I’ve now reached a turning point in my web dev course. This morning I started writing code on my first meaty project, YelpCamp.
As the name implies the YelpCamp project is Yelp but for campsites. The idea isn’t to release this as a service that people will actually use. The intent is to combine what I’ve learnt from the past few months and use these skills to make a cohesive project that could be released.
I’m quite excited to have finally reached this point. As much as I’ve enjoyed developing specific skills, the parts of the course I’ve enjoyed so far is the work with a visible output. I have a feeling YelpCamp will be a big learning experience and something I’ll likely look back on as a reference in any future developments I do. A library of learnings if you will.
As with other parts of the course I intend to share my progress and code here as a form of public note-taking. I’ll create a specific public GitHub repo so you can follow along and see how the code changes over time. I expect this part of the course will likely take me about 6-8 weeks and will make up the vast majority of posts here over that time. Exciting!
This is the question I asked myself when I first started learning (well relearning really) to code a while back. Obviously I Googled this and found some really interesting answers, but generally speaking, the common wisdom is about 4 hours a day.
I call bullshit on this. In my experience (and your mileage may vary) you should code every day, but it really doesn’t matter how much. Sure, you’ll get to the destination faster if you’re able to put 4 hours a day, but that number is completely unrealistic for a good chunk of the population.
Personally, I have a full-time job, 2 young kids, and a wife. 4 hours a day is an absurd amount of free time for me each day to work on much of anything. So when I study something I work to a very simple philosophy. Do some study every day. That’s it. Change is all about momentum. You don’t have to stop sleeping to make a change, you just have to show up every day and do something.
Routine is key
My personal routine is to get out of bed early, normally around 5-5:30am. Then I do as much of my course work before the kids get up as possible. Normally I’d get around an hour or so done. Some days I might sleep in and only get 30 mins, but I still progress. To solidify my learning, in the evening I go over what I did in the morning and write up notes. Sometimes those notes turn into a blog post. In that way, I’m sort of doing double duty. Sharing what I’ve learnt and documented it for my own retention all in one.
The thing about learning anything over and above your already busy life is that you have to make it accessible or it won’t work. Lowering the barrier to just do something each day means I might only research something I learnt the day before or add some comments to code I wrote a week ago. It really doesn’t matter what it is, as long as I get started each day.
So if you’re wanting to study but don’t think you have the time? Explore study options that let you learn in small chunks and to your own deadlines. I’ve found both Udacity and Udemy great services for this sort of thing. You won’t get a formal qualification from these services, but if you’re just interested in the skills then does that really matter?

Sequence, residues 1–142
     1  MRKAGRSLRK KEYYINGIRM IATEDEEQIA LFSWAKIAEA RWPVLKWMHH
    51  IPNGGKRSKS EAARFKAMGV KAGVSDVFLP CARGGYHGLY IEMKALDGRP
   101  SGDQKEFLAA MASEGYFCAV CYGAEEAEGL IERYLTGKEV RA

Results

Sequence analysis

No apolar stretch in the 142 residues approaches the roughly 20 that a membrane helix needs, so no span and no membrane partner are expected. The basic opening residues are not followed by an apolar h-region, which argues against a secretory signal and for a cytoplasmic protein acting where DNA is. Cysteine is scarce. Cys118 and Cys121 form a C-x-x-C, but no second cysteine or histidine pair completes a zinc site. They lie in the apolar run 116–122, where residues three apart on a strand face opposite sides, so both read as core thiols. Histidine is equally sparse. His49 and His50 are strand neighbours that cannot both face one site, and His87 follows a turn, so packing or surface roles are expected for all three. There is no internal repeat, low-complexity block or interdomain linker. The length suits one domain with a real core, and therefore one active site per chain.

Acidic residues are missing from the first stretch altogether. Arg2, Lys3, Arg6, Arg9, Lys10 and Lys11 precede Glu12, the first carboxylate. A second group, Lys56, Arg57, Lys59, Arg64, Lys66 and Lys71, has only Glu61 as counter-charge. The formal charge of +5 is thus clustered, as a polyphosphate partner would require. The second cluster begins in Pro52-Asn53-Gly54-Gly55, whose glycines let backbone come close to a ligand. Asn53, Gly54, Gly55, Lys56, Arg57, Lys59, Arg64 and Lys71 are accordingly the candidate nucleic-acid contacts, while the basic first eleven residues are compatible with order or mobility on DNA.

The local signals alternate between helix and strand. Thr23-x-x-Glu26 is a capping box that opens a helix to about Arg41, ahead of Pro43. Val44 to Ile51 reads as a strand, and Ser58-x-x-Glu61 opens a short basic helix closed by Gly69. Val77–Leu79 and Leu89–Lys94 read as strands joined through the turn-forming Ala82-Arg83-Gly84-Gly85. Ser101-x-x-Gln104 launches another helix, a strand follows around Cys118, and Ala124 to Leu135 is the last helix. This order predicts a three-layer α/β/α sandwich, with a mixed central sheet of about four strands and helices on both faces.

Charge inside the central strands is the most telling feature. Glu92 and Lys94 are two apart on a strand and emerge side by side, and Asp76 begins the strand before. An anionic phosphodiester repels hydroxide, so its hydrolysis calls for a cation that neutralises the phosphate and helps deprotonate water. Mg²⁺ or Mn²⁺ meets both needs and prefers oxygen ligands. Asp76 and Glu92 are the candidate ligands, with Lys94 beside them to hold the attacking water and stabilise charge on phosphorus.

Getting into a flow state is super helpful when you’re trying to get some coding done. Whenever I’m working on a course exercise or side project I find a few things in my daily routine really help focus my mind:
Keeping my desk tidy – It seems silly but a cluttered desk is a cluttered mind for me. Keeping my workspace simple and functional really makes a difference.
Meditation – I’ve dabbled with this for years, but this year I decided to make it a daily habit. I’m not perfect at it, but I’d say I manage to get 10 mins done in 9 out of 10 days. When I miss a day I notice it. I’m currently using Waking up with Sam Harris, which I’ve found very educational too.
Music – Not all music is good for coding, but the right music makes a world of difference to me. I have a few sources I use to block out the world:
Code Radio – Free Code Camp has a live streaming station via YouTube which is specifically for helping developers concentrate.
White Noise – This isn’t technically music, but it’s just as effective at blocking out distraction.
Spotify or Apple Music focus playlists – If you use a streaming service, there are loads of shared playlists for focus, concentration or study that do the job. I suggest using a paid service if you can afford it. Although I don’t come across a lot of ads in the free version of Spotify, they are frequent enough to interrupt my thinking.
Changing location – Most of my best work happens in my home office, but some of my best work is done in a busy café. Sometimes when you’re having a hard time getting your head around a problem the best thing to do is take a break, change location and give it another go. There’s something about a change of scene that can make all the difference.
Eat – If I’m not paying attention I don’t eat. If I don’t eat, I’m not effective at much of anything. I find removing choice helps me to stick to regular patterns of eating. Like with meditation I don’t always get this right but as a general rule, I eat basically the same thing each day at the same time. This makes sure I’m both fed and also taking regular breaks.
Do you have some flow state secrects I haven’t covered?
If you’re interested in the code you can take a look on GitHub. Of course, you can try the app for yourself. If you find anything wrong with it you can submit an issue.